This page is for the academic year 2021-22. The current handbook year is 2022-23
Crime and Culture in Early Modern Europe
||Available in 2021/22
- â€¢A pass mark in at least ONE level one module in History.
Excluded Combination of Modules
- To enable students to develop an understanding of continuities and changes in early modern culture as they relate to the history of crime.
- To engage closely with primary sources, above all early modern criminal trials, which involve people in this period who might not have been able to sign their names.
- To explore different disciplinary approaches in writing the history of crime, drawing in particular on anthropology, sociology, and psychology.
- To build the key skills associated with Level 2 modules, especially an ability to construct and critically evaluate arguments in response to concepts and material discussed in lectures and seminars.
- This module uses the history of crime to explore the lives of Europeans throughout the social hierarchy from c.1500-c.1800. Criminal courts made great claims about their power to discipline the people through terrifying public punishments. In practice, however, community self-regulation often remained the norm. How then did people decide to use criminal courts as a forum for conflict resolution? The history of crime gives great insight into relations between states and subjects. Yet the history of crime also looks outwards as criminal courts took part in the wider transformations of the early modern period. Does a fall in homicide prosecutions in this period suggest a decline in interpersonal violence? How did an expanding market for printed ballads and pamphlets about crime shape perceptions of justice? And could new notions of religious and sexual liberty curtail punishments for crimes associated with sexuality and witchcraft? Lectures and seminars will explore different approaches to these problems in comparative contexts â€“ across Britain, Europe, and European colonial empires â€“ in ways that are rooted in discussions of primary written and visual sources.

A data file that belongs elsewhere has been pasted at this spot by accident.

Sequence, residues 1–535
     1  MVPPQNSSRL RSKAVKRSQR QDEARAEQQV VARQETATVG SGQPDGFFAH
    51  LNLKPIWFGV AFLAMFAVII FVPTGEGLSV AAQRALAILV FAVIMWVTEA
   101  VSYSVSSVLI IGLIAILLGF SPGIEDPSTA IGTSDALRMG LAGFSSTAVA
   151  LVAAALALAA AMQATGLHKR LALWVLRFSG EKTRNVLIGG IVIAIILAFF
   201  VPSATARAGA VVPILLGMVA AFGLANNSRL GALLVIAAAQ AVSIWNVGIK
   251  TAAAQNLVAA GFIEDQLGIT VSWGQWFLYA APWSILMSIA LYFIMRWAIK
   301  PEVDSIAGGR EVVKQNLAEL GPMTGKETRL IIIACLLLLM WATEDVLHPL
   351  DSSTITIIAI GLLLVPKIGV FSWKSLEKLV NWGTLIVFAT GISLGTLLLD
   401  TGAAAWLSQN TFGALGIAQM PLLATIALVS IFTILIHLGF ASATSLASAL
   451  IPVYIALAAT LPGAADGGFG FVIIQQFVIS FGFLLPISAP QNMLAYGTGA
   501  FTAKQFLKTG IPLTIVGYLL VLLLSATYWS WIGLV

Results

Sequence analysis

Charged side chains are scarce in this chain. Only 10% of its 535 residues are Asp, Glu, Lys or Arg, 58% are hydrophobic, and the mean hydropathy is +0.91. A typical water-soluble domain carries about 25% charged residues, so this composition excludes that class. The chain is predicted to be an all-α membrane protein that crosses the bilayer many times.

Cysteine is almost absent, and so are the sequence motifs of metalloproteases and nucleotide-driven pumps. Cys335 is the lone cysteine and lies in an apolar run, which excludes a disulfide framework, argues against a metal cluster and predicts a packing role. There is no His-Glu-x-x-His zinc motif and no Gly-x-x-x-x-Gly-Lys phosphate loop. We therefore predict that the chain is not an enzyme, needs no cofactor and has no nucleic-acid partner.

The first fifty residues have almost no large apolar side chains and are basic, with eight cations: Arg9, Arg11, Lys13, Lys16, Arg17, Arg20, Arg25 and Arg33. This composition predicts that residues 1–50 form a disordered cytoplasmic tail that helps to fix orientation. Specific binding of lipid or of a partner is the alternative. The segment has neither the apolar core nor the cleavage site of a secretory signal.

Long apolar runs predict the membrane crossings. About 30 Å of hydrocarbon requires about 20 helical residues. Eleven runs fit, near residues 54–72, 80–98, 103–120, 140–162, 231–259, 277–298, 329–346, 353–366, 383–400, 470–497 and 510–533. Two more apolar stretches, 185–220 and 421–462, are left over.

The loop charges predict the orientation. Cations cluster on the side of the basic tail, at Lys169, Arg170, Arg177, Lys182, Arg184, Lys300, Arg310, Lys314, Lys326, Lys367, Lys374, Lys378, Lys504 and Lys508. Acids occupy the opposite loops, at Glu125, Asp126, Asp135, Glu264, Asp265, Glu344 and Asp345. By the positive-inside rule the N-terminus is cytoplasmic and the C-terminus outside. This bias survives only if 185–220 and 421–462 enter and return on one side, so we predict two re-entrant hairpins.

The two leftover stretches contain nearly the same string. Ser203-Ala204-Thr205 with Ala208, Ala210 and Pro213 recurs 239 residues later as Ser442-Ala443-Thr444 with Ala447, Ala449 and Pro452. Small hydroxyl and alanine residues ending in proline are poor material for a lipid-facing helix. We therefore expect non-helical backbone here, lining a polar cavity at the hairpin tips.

- Knowledge of the social and cultural history of the early modern period, especially as it relates to criminal justice.
- Ability to evaluate different methods for approaching early modern history and the history of crime.
- Experience of interpreting criminal records for understanding the lives of people throughout the social hierarchy
- Subject specific skills for this module can be viewed at: http://www.dur.ac.uk/history.internal/local/ModuleProformaMap
- Key skills for this module can be viewed http://www.dur.ac.uk/history.internal/local/ModuleProformaMap
Modes of Teaching, Learning and Assessment and how these contribute to
the learning outcomes of the module
- Student learning is facilitated by a combination of the following teaching methods:
- lectures to set the foundations for further study and to provide the basis for the acquisition of subject specific knowledge. Lectures provide a broad framework which defines individual module content, introducing students to themes, debates and interpretations. In this environment, students are given the opportunity to develop skills in listening, selective note-taking and reflection;